In Nelly Sachs’s mature poetry, one finds echoes of her childhood passion for the fossils and insects that she studied as keys to nature’s secrets. Later, as she tried to understand a distorted world which had engendered the Holocaust, she returned to this realm and found a rich source of symbols and metaphors. Her poem focuses on natural phenomena that emphasize constant flux and the potential for transformation, making it an especially poignant statement in the light of the historical background against which she wrote.
Sachs, who received the Nobel Prize for Literature in 1966, was known as the “poet of the Holocaust.” This particular poem appeared in a volume of poetry dedicated to commemorating its victims and understanding their suffering. The butterfly is a recurring image in this collection, where it serves most often as an icon for the souls of the innocent. In this poem, however, the individual’s metamorphosis through death is placed in the context of the earth’s life cycles: The butterfly symbolically embraces a phase of transformation lasting eons (the planet’s core is constantly creating) and one lasting a single day. Each end leads to a new beginning. The pain of leavetaking, of death, is not erased, but is mitigated by the promise of renewal. Thus did Sachs attempt to come to terms with the senseless deaths of her people during the Holocaust.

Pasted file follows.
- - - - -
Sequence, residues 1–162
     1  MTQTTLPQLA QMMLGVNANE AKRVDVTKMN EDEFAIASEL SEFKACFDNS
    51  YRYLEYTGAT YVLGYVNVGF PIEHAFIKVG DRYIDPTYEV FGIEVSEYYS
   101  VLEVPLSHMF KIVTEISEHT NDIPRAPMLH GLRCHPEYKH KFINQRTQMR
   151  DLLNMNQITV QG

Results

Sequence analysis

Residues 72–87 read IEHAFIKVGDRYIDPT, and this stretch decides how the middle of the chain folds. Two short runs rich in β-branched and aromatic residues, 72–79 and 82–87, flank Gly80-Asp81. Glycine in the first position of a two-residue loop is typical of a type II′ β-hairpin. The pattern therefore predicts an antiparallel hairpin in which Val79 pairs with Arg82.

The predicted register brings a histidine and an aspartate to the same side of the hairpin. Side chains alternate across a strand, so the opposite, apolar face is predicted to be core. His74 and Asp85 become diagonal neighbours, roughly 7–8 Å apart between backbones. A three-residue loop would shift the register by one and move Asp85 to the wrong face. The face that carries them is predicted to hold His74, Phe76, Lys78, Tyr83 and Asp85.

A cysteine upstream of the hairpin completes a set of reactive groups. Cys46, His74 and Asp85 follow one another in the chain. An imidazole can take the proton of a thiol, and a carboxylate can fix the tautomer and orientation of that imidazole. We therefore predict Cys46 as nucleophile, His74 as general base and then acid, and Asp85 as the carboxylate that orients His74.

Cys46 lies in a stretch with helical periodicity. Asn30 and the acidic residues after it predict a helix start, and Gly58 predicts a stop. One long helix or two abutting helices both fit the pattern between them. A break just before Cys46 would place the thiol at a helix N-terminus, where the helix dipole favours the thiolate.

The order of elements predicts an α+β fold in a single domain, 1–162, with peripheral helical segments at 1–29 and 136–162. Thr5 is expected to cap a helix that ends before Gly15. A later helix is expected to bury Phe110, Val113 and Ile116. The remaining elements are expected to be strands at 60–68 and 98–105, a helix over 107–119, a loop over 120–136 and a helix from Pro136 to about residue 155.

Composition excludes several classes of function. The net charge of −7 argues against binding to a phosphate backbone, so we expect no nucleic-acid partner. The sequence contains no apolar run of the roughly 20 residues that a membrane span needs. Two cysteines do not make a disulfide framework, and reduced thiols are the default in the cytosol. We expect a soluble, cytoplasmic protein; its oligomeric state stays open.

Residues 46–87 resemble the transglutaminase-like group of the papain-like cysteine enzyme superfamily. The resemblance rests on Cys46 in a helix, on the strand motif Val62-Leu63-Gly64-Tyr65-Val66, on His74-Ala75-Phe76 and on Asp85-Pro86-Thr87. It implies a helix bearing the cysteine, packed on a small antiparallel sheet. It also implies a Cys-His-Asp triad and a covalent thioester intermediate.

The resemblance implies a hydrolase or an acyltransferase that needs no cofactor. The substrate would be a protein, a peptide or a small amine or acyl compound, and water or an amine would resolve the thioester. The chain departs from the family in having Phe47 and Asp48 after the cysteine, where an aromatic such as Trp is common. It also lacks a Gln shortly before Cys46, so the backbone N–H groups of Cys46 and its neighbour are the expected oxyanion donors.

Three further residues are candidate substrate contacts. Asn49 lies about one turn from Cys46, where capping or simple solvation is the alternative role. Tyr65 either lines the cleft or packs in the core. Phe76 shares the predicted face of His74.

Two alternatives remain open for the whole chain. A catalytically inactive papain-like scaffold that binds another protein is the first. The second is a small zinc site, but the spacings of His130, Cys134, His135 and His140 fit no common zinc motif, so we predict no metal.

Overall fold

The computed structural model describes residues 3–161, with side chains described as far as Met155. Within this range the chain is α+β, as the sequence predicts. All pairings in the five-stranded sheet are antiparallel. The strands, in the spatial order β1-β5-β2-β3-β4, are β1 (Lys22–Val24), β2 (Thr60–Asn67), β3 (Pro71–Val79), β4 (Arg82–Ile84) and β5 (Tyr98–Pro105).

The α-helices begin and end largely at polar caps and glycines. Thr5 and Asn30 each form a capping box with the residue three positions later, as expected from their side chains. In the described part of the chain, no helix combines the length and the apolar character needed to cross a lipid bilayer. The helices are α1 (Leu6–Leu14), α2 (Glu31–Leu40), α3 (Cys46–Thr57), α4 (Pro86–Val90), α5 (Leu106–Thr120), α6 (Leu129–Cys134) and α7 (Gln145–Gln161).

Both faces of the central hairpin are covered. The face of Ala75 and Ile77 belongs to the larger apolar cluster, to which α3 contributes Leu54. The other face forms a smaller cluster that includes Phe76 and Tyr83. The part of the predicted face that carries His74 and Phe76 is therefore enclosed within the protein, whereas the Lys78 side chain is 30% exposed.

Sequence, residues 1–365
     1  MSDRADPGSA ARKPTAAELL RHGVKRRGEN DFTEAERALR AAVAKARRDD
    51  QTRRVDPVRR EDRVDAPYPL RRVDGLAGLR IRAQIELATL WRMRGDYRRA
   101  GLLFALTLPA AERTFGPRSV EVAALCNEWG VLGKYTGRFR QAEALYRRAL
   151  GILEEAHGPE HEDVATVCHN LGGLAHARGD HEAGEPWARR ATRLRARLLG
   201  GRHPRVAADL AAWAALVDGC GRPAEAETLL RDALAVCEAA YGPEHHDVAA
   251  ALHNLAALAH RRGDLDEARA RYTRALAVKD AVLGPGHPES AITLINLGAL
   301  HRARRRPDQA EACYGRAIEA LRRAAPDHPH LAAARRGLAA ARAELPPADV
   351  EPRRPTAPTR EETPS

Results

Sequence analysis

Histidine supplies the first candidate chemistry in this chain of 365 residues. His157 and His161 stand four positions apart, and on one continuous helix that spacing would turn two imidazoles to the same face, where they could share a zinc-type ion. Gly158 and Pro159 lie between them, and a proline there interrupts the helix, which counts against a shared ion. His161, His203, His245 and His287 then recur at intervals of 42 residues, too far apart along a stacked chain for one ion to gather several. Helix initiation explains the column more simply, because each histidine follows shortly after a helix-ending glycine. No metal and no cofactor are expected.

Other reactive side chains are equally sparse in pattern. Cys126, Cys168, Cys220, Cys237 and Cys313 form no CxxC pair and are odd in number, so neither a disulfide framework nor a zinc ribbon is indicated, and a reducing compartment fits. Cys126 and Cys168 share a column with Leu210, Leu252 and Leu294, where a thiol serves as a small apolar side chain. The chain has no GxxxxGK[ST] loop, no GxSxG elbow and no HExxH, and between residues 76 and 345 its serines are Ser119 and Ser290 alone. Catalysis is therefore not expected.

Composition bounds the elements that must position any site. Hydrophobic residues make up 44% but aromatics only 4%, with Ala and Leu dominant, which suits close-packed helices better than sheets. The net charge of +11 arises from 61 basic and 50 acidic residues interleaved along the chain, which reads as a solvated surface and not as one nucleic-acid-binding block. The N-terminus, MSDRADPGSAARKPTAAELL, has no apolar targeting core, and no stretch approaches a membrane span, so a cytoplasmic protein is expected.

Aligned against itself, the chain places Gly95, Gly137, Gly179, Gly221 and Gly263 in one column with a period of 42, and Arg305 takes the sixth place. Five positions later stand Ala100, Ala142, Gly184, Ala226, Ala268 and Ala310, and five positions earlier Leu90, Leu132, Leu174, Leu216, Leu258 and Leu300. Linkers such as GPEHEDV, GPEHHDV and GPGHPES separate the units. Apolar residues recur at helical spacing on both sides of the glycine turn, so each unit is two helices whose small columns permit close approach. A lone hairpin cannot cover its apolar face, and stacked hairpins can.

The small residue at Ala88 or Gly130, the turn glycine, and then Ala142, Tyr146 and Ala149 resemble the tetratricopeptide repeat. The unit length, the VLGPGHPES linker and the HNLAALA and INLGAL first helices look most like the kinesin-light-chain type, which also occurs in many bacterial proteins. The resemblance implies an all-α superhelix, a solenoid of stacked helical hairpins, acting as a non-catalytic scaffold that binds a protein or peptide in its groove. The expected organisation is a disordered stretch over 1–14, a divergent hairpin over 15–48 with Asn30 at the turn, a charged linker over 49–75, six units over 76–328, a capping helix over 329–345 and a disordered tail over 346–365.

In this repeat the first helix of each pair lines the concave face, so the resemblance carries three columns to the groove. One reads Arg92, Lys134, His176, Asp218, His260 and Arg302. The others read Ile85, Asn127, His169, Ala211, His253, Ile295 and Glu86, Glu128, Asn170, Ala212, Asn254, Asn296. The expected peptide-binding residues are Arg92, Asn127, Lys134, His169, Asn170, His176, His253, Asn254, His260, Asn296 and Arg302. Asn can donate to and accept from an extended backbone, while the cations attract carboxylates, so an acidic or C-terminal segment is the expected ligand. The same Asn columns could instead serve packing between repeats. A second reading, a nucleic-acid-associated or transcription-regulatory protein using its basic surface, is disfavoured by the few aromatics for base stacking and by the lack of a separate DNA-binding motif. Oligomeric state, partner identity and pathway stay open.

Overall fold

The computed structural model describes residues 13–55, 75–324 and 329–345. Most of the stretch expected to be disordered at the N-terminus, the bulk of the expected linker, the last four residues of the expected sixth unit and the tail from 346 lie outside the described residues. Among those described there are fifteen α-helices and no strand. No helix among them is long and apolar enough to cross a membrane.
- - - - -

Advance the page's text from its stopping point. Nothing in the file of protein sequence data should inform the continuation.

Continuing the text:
The metaphor is the poem’s formative poetic device as well as its thematic content. In writing poetry, Sachs faced an unusual dilemma: The language she used, German, was also the language of the oppressor. Moreover, the experiences of her time seemed overwhelming and inexpressible. Her solution was her system of metaphors. At a time when many poets were experimenting with meaninglessness and with the arbitrariness of language, her metaphoric approach allowed her, in a sense, to reinvent her language. The metaphoric butterfly expresses the paradoxical relationship between death and transformation. It is the “royal sign” which encodes the patterns of this mystery and serves as an example of Sachs’s transformed language in which words seem to include concepts and their opposites. When confronted with such paradoxes, one is indeed challenged to reconsider assumptions about how narrowly one perceives the world and one’s position in it.